Two articles here that were highlighted in a post from the National Prevention Science Coalition
Interesting article in the Stanford Social Innovation Review discussing "what counts" as evidence for evidence-based policy making.
Defining Evidence Down
With evidence-based policy, we need to acknowledge that some evidence is more valid than others. Pretending all evidence is equal will only preserve the status quo.
By Patrick Lester Jul. 14, 2016
Each year governments spend billions of dollars on programs addressing poverty, education, health, and other social issues. Unfortunately, only a small fraction of these funds are being spent on programs with strong evidence that they work.
Evidence-based policy—sometimes called "Moneyball for Government"—is a small, but growing, effort to change this. But, just as it is getting started, is it on the verge of a major shift? Yes, according to a group of contrarian thinkers who believe that the dominant evidence paradigm in US social policy is too narrowly focused on replicating programs evaluated with randomized controlled trials.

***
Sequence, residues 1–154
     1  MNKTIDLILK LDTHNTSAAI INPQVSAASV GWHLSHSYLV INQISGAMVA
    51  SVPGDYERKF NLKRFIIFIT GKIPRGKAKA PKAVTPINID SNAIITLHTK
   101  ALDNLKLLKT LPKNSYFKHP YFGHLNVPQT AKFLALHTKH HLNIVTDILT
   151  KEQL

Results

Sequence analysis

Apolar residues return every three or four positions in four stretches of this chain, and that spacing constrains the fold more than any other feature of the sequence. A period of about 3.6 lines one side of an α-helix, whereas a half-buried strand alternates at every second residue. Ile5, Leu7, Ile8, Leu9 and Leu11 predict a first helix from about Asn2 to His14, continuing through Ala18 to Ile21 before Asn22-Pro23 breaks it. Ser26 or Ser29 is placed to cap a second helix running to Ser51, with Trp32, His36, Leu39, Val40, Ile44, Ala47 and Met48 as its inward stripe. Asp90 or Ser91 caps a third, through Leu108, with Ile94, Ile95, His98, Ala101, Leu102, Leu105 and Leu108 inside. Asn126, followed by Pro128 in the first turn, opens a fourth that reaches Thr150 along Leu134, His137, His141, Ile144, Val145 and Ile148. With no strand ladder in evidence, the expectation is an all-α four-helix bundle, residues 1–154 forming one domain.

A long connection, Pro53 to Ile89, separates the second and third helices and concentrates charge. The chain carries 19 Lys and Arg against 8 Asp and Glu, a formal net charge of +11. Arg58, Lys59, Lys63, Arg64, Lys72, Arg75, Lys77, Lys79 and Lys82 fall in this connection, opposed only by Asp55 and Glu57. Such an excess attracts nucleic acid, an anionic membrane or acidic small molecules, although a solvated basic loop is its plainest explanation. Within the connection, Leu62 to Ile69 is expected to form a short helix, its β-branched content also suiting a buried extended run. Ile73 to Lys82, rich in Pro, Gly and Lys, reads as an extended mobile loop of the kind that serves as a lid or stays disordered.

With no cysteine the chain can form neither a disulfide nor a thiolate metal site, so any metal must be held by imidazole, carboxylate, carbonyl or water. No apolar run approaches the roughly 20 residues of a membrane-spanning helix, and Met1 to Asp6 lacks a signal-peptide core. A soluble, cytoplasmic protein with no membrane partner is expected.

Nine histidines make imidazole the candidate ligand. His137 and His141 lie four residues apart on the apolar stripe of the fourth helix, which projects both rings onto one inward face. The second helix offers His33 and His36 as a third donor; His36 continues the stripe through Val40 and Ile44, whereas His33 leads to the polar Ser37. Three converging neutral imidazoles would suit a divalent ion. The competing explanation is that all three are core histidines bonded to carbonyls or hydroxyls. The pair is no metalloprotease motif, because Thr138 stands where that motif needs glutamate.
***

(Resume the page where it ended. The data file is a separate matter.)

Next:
Persistent misunderstandings about evidence-based (sorry: informed!) policy-making
Pierre-Olivier BédardEmail author and Mathieu Ouimet
Archives of Public HealthThe official journal of the Belgian Public Health Association201674:31
DOI: 10.1186/s13690-016-0142-z© The Author(s) 2016
Received: 5 February 2016Accepted: 19 May 2016Published: 20 July 2016